Note: Originally posted on toonzone animation blog.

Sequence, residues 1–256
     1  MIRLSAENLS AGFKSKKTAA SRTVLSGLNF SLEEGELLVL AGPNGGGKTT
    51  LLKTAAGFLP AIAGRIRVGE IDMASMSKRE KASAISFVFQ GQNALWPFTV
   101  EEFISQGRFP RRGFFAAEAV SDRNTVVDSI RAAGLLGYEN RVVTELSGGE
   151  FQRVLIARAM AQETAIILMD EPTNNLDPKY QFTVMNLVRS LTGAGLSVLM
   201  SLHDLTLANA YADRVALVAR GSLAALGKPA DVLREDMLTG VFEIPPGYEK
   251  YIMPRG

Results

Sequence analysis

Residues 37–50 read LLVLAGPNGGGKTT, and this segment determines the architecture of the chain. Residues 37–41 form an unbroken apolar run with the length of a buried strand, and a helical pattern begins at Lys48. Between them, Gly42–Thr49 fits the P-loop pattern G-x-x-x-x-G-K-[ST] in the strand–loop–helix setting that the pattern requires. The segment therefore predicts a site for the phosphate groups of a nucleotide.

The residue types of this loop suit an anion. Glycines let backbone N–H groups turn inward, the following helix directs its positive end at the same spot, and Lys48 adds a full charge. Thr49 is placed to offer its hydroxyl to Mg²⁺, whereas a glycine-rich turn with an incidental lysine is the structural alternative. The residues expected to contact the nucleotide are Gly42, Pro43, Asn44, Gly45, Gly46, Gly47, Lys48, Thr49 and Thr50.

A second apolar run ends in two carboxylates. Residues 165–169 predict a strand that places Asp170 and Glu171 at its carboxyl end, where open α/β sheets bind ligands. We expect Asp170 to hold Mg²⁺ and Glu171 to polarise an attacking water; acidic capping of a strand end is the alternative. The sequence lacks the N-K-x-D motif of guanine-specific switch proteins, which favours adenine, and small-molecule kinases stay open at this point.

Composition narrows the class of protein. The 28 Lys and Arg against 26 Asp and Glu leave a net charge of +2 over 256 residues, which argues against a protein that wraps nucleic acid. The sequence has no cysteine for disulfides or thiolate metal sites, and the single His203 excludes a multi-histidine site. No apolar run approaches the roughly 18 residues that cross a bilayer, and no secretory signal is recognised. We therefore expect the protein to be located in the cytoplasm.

In 1992, millionaire media mogul Ted Turner decided to put his massive animation library to use and he created a revolutionary new cartoon network. He imaginatively titled it Cartoon Network, and later ran off to one of his four ranches in Montana to retire. The cable channel would be dedicated to showing animation 24/7. Over the years, a tiny experiment grew into a moderately successful outlet for original and acquired animation. This, along with Nickelodeon’s successful and growing stable of Nicktoons had turned cable television into the most important outlet for animation in the country by the dawn of the new millennium. During the late 90’s and beyond, more companies were jumping on Ted’s train of thought and creating animation stations of their own, from Nickelodeon’s Nicktoons TV to Disney’s Toon Disney. These channels often went global, bringing localized versions of themselves to new frontiers. Some countries decided to make their own cartoon networks, such as Canada’s Teletoon and Asia’s Animax. Bringing the situation to newer absurdities, broadcasters began to create newer niche networks out of the already existing animation niche, like classics-only Boomerang or the now-defunct but self-explanatory Anime Network. So where are these networks now? Most of them still exist, but in name only. With the exception of Boomerang and handful of smaller stations, live-action has been aggressively encroaching on animation on networks that claim to be dedicated to it. How did cartoon networks become an endangered species?